1984 by James Orwell by James Orwell | Teen Ink

1984 by James Orwell by James Orwell

March 8, 2011
By lazydude BRONZE, Phoenix, Arizona
lazydude BRONZE, Phoenix, Arizona
1 article 0 photos 0 comments

Favorite Quote:
"When the game is over, the King and the Pawn go back into the same box."

The book, 1984 by James Orwell, is essentially about the dangers of a totalitarian government, and a glimpse into such a life is like where there is hardly such thing as free will when the government watches your every move. The story starts with Winston Smith, who works for the Ministry of Truth, yet hates Big Brother, the epicenter of the propaganda to trust the Party, the totalitarian government in the society he lives in. The Ministry of Truth, or minitrue in newspeak, the language which is trying to be implemented by the Party, in itself, is a contradiction; while it is supposed to stand for truth, its sole purpose is to forge a history most conducive to the Party. This is accomplished by altering documents to match what the Party says.

In the first part of the book, Winston is curious about the past; he doesn’t remember much that wasn’t in the history books, which he guesses, from experience in such matters, were altered. After failing to receive any viable information from one of the older men, he finds an antique shop in the older district with items from the past. From there, he purchases a small piece of coral. Later on, he meets a girl named Julia, whom he despises her because he believes she will betray him at the first chance she gets. However, this is disproven when one day they pass each other in the hall and she drops a simple yet significant note directed to Winston, which reads: I love you. This begins their traitorous and passionate love affair, and Julia becomes a person which Winston can trust due to their mutual disdain for the Party. One of the tribulations the two are confronted by is locating a meeting place where they can be alone.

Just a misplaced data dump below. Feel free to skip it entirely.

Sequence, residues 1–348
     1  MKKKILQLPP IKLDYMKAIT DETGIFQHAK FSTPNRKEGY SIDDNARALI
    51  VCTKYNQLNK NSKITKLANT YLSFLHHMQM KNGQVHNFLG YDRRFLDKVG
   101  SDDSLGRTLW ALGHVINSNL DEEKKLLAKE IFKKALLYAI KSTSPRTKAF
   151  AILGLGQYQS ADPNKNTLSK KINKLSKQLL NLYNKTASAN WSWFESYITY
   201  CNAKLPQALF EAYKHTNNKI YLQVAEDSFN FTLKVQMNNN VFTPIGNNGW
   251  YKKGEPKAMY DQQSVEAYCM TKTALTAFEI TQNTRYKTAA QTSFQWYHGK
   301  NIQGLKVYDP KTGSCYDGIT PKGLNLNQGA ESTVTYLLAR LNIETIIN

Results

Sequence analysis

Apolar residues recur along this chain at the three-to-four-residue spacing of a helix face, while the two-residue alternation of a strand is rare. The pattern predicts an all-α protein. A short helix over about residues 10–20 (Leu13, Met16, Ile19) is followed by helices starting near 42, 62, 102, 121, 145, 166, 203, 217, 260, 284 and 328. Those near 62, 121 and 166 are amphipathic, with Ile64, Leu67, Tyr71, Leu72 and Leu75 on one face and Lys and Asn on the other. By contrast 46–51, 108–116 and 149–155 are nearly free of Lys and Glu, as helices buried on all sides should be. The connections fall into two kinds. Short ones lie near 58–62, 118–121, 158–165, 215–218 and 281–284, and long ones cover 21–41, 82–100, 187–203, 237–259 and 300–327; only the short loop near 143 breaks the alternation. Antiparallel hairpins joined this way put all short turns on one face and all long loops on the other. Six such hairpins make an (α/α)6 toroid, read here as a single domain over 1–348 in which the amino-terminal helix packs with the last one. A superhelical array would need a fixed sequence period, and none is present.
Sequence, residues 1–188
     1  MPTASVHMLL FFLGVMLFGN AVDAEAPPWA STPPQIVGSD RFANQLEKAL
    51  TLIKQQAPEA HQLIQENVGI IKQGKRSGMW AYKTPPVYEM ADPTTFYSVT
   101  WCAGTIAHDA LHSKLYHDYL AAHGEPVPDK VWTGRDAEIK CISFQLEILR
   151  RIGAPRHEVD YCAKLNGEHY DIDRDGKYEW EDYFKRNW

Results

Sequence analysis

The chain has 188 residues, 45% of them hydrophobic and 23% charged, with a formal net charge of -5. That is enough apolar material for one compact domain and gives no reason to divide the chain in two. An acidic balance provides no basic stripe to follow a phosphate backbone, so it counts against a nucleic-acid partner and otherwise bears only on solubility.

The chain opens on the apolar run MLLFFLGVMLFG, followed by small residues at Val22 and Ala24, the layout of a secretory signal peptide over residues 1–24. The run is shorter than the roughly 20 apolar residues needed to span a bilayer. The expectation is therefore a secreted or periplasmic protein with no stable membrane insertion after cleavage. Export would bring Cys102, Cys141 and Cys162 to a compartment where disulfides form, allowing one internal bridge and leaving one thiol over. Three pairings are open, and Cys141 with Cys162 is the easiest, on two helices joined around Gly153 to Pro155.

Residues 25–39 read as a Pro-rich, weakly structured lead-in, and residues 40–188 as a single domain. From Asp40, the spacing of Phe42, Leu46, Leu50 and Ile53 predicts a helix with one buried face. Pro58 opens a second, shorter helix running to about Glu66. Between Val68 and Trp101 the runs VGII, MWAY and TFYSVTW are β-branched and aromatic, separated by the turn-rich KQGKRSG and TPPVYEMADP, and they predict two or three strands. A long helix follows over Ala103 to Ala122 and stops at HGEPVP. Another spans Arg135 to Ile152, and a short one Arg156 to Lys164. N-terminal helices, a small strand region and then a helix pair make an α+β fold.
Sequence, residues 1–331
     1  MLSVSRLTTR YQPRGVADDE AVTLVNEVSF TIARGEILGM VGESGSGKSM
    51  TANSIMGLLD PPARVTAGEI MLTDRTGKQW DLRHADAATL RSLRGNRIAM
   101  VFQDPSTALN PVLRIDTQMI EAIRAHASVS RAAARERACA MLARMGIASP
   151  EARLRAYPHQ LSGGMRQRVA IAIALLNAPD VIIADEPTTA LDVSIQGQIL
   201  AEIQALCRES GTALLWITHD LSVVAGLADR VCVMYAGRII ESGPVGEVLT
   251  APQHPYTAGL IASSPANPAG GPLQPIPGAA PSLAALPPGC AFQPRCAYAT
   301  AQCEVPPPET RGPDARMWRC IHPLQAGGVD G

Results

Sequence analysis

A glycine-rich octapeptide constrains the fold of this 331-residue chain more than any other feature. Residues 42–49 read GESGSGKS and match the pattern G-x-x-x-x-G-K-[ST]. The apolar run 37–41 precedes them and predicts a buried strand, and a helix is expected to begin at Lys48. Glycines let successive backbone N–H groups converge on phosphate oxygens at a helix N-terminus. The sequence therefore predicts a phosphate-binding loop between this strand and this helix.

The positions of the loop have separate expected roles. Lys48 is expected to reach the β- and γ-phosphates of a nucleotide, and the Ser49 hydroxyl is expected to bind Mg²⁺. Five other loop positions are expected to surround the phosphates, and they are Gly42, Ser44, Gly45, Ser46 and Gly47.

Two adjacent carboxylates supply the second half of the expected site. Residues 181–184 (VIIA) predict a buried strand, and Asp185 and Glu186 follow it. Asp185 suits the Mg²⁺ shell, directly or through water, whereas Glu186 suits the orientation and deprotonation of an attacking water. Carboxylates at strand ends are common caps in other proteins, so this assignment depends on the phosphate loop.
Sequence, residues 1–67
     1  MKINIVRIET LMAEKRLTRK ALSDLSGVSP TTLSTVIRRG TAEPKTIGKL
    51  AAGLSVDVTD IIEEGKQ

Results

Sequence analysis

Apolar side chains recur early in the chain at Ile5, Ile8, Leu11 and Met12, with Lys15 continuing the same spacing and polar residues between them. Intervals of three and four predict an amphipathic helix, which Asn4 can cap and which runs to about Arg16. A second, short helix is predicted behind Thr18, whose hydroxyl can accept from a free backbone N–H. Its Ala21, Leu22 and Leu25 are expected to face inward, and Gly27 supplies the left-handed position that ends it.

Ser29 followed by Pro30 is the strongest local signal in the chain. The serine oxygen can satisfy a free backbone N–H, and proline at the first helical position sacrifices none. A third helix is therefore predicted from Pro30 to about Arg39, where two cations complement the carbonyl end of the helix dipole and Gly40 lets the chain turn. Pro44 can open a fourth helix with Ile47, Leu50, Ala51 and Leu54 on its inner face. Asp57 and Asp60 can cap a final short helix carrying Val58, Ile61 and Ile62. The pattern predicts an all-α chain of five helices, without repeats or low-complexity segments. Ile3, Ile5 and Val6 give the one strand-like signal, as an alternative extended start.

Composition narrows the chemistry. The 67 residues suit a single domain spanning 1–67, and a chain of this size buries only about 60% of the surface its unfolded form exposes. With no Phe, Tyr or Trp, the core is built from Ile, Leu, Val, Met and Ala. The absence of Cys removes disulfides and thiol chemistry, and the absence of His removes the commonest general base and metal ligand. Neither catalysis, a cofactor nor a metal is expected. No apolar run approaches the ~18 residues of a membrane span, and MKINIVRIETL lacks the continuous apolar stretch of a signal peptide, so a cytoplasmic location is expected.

This book represents chiefly represents the horrors that come with a totalitarian government, and I think Orwell wanted to interpret that with a feeling of helplessness to stop it once it’s happened. The book has it’s goods and bads, however what sets this story apart is its realism. My least favorite part in the book is where Winston finally submits to the will of Big Brother because it truly shows the hopelessness of a rebellion in such a place. If I were to change the ending, I would have had Winston somehow find a way to take down the government, because I prefer stories of revolution, and it seems the current ending was dreadfully bleak My favorite scene is in the beginning where Winston first displays his inner desire for rebellion by writing in the diary, “DOWN WITH BIG BROTHER” four times.
I would recommend this book to those who enjoy stories about dystopian futures, such as V for Vendetta, which is similar to this story.

Similar Articles


This article has 2 comments.

Jorge Orwell said...
on Jun. 16 2014 at 9:28 pm
Their name is "LazyDude". Just livin' up to the name :)

on Jun. 6 2013 at 11:05 am
WinstonSmith BRONZE, Columbia, Missouri
3 articles 0 photos 32 comments
This is a good review, but 1984 was written by George Orwell.

Wellesley Summer

Smith Summer

Parkland Speaks